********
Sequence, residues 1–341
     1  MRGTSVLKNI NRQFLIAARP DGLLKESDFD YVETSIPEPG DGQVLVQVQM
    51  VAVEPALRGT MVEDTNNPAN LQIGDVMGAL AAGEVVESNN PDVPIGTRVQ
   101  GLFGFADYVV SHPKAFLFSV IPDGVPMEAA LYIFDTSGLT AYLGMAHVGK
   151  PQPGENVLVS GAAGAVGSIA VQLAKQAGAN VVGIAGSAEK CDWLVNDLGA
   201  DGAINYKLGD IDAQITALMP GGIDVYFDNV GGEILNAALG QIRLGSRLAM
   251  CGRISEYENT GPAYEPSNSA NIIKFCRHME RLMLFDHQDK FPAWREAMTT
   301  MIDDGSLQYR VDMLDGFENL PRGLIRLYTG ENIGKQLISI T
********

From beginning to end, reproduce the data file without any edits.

Sequence, residues 1–341
     1  MRGTSVLKNI NRQFLIAARP DGLLKESDFD YVETSIPEPG DGQVLVQVQM
    51  VAVEPALRGT MVEDTNNPAN LQIGDVMGAL AAGEVVESNN PDVPIGTRVQ
   101  GLFGFADYVV SHPKAFLFSV IPDGVPMEAA LYIFDTSGLT AYLGMAHVGK
   151  PQPGENVLVS GAAGAVGSIA VQLAKQAGAN VVGIAGSAEK CDWLVNDLGA
   201  DGAINYKLGD IDAQITALMP GGIDVYFDNV GGEILNAALG QIRLGSRLAM
   251  CGRISEYENT GPAYEPSNSA NIIKFCRHME RLMLFDHQDK FPAWREAMTT
   301  MIDDGSLQYR VDMLDGFENL PRGLIRLYTG ENIGKQLISI T